Phillip Kane: I think a great deal of it has to do with the fact that the management styles that are in place today are so heavily ingrained that undoing them is going to have to result in someone admitting that they’re wrong. Whether it’s the board of directors admitting that they’re wrong, whether it’s hiring managers admitting they’re wrong, whether it’s ingrained HR admitting that they’re wrong, whether it’s the white shoe recruiting firms admitting that they’re wrong.
And when I say admitting they’re wrong, admitting that things like gregariousness, a bias for control, perceived charisma, things like that are not actually leadership traits because they’ve hired to those traits for years. And, what they’ve gotten are people that end up being largely incompetent leaders that manage by fear and control that cause these people to ultimately now leave. And so someone’s going to have to admit that leaders who lead with a bias for results but a bias for kindness are more effective leaders.
But someone’s going to have to admit that what they’ve been doing for a hundred or more years is wrong. And it’s very hard for human beings to do that. The second problem is that it’s hard, I think, for people to envision operationalizing kindness. It’s very easy for people to envision operationalizing a bias for control. It’s very easy for people to envision when things go wrong and hold someone immediately accountable in a disciplinary sort of way. But it’s very difficult for people to envision how to operationalize kindness. And so I think that that’s the second part of the problem with getting people to move toward a kinder, more caring environment in the workplace.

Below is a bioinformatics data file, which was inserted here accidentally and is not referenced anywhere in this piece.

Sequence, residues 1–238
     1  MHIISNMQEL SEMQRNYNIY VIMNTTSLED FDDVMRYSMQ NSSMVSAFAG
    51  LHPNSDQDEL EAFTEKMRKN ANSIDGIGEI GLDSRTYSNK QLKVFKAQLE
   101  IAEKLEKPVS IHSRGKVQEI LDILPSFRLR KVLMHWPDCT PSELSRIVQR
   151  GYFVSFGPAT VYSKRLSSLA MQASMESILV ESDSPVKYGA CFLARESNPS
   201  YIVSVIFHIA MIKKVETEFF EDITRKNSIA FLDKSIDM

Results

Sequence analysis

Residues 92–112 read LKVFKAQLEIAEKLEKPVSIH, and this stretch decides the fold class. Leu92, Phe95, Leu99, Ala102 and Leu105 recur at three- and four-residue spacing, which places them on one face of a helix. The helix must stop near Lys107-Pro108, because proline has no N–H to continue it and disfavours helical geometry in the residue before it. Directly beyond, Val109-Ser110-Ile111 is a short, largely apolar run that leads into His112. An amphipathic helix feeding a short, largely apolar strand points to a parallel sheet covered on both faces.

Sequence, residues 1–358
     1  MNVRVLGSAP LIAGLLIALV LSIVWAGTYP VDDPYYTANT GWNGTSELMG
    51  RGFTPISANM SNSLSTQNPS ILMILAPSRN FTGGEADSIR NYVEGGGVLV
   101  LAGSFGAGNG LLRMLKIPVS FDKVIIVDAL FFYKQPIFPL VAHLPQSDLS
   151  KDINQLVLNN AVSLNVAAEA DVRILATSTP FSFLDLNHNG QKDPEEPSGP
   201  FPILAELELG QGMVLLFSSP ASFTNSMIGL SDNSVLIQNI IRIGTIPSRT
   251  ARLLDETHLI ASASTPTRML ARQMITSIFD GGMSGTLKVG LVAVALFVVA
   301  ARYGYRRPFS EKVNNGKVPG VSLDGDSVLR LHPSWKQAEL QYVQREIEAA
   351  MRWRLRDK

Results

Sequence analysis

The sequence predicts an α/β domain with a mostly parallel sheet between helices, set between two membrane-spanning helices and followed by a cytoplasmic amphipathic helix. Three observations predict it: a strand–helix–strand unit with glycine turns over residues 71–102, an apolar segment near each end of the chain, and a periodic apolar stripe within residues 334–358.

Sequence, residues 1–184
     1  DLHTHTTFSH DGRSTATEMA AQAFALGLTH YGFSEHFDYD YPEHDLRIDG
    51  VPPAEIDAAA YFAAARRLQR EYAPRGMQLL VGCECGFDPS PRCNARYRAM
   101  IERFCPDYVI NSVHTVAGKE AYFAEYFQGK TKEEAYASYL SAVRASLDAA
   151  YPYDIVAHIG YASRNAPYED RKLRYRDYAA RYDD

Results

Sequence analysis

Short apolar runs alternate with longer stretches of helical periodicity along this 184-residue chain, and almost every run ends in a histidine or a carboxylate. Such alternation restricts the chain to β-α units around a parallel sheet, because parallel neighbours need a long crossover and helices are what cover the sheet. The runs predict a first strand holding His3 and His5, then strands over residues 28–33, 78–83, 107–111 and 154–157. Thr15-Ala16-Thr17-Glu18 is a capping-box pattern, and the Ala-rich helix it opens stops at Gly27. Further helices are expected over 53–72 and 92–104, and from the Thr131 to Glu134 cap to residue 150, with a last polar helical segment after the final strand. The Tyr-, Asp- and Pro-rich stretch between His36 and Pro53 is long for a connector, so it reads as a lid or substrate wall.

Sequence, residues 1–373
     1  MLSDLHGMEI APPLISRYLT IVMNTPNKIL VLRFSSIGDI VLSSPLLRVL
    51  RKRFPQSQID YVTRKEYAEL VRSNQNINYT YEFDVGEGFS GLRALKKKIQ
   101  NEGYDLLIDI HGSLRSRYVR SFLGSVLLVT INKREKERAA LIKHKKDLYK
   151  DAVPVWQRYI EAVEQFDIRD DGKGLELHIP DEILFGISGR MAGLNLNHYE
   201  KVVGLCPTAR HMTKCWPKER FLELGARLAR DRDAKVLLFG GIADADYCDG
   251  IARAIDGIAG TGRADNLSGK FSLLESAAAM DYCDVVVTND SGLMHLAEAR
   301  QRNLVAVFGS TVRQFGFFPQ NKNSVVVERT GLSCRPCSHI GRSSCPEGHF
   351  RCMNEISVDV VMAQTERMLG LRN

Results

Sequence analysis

Creating a Caring Environment by Operationalizing Kindness
Jenn DeWall: I think the, you know, both of those points, I love operationalizing kindness because it is like, no more can you just treat people like a means to an end. They’re human beings. They have a life that they’re living, and they’re trying to do their best. We’ve got to, you know, work together in a different way that’s more supportive and conducive to our success and happiness.